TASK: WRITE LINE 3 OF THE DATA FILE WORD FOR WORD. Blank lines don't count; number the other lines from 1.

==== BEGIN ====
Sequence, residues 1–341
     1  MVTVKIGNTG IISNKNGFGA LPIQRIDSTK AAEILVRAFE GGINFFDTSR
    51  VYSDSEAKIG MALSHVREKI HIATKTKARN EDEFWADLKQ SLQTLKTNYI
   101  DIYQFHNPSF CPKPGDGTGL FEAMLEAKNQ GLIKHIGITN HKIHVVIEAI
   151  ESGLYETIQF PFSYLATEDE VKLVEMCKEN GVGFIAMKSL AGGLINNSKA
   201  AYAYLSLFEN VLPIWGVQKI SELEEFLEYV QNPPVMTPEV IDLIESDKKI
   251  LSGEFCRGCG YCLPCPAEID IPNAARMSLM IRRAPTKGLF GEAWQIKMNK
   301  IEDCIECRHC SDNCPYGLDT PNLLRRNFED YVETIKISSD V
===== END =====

    51  VYSDSEAKIG MALSHVREKI HIATKTKARN EDEFWADLKQ SLQTLKTNYI